DEPARTMENT OF LAND AND NATURAL RESOURCES
PETER T. YOUNG, CHAIRPERSON
Phone: (808) 587-0401
Fax: (808) 587-0390
For Immediate Release:
Honolulu - The Department of Land and Natural Resources (DLNR) is ambitiously pursuing a multifaceted initiative to enhance environmental education for Hawai'i's children with funding requests and new programs requested of the 2006 Legislature.
Additional New Century Charter schools, funding for environmental education programs and availability of developable land for educational centers are the three key elements in DLNR's environmental education initiative.
There are a great many appealing facets to the New Century School concept when paired with environmental education. The Charter school has a high degree of independence, allowing it to adapt and change its curriculum quickly and as needs arise. This degree of flexibility is not enjoyed by traditional Department of Education schools.
Although the department has introduced legislation, DLNR's initiative is designed to complement the New Century Charter School legislative initiatives sponsored by DOE.
"The department firmly believes that we must begin recruiting the future guardians of our environment in our schools," said Peter Young, DLNR chairperson." The department's initiative is meant to engage our youth and instill in them the responsibility and commitment to protect our resources for future generations."
"It is our hope that these future guardians will also acquire the same sense of obligation we feel for recruiting the generations to follow as stewards of our resources."
The legislative measure initiated by DLNR will increase the number of New Century Charter Schools with an environmental education curriculum from twenty-three to thirty, placing two new schools on Hawaii Island and one new school on Oahu, Maui, Molokai, Lanai, and Kauai.
Another feature of DLNR's initiative is $1-million in added funding to support existing and future environmental education programs and plans to distribute the funds to organizations in the state's four counties.
One potential beneficiary of this added funding could be an organization like Ahahui Malama I Ka Lokahi of Kawai Nui State Park Reserve on Oahu. This curator group is currently engaged in restoring the dryland ecosystem by removing alien plants and offering tours of the historic site for interested groups.
Since 1990, Ahahui Malama I Ka Lokahi has been dedicated to preservation of Hawaiian cultural traditions through the conservation of native ecosystems.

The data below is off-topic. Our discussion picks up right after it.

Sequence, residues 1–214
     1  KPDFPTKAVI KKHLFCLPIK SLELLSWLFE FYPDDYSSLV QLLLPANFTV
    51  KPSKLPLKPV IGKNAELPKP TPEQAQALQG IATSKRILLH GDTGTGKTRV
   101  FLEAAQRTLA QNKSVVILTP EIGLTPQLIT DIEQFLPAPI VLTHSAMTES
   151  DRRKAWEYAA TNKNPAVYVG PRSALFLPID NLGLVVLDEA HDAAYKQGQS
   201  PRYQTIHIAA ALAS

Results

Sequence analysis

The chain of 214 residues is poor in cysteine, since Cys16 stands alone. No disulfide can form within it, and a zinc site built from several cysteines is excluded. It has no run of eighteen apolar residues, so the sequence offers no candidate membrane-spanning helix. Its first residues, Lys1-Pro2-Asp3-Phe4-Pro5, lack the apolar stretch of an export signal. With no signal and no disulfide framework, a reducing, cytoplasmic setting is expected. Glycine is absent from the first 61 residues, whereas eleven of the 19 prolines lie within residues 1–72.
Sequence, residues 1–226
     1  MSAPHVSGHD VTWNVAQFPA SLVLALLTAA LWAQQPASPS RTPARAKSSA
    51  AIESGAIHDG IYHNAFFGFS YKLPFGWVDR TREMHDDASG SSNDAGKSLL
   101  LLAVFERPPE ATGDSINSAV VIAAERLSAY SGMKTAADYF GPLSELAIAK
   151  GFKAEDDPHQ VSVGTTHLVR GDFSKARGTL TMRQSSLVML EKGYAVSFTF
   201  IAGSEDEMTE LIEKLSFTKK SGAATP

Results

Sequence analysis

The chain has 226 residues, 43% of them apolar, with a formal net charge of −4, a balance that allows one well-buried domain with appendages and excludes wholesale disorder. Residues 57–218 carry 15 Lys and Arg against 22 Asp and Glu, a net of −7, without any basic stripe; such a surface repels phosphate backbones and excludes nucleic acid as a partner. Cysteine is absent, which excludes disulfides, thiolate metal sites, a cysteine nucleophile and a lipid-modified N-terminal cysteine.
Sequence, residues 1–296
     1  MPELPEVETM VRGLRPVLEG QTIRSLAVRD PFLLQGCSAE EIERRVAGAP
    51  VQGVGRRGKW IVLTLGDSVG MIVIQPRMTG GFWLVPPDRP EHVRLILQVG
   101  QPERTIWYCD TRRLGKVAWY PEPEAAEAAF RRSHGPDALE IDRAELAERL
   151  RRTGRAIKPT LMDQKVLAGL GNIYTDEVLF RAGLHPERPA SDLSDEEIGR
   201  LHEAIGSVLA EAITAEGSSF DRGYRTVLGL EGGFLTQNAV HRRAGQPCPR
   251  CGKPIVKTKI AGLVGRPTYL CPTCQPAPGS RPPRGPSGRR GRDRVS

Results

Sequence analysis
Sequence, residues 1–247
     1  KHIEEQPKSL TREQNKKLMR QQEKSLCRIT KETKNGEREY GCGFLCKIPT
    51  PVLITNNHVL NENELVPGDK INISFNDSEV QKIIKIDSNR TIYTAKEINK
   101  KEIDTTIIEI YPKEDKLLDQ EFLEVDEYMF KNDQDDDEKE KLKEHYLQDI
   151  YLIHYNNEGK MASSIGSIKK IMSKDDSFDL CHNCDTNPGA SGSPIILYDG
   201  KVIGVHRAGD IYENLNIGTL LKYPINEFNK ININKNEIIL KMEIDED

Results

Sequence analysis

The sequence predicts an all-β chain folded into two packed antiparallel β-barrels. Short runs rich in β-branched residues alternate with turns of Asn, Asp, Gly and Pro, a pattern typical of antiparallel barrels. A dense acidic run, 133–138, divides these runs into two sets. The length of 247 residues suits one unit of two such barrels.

The final key element in DLNR's environmental education initiative for 2006 is all about placing nongovernmental organizations on properties that are natural resource laboratories with the expectation that these organization would provide environmental education at free or reduced-cost to Hawaii residents and visitors.
The Hawaii Nature Center has a successful track record of doing just this at its Makiki facility. This group has agreed, in principle, to develop a similar environmental education center with DLNR's support on the island of Kauai. The Hawaii Nature Center was successful proposer on a DLNR RFP (Request for Proposal) to manage Wailua Reservoir.
The purpose of natural and cultural resource education centers is to have facilities in appropriate natural settings to promote and enhance natural and cultural resource education.
DLNR envisions, at a minimum, the development and implementation of education programs for all ages with on-site, hands-on experiences and establishment of classes in conjunction with the Hawai'i Department of Education.
"Ultimately, these education centers spread throughout the islands will generate an abundance of educational materials which can be incorporated into any classroom," said Young.
"These three key elements, working in conjunction, can set the stage for a substantial shift in the mind-set of people."
"Not only are we reaching the students, we are hopefully reaching the parents and siblings of these students, friends, neighbors and peers. The more people we recruit as environmental guardians the better off we and the environment will be."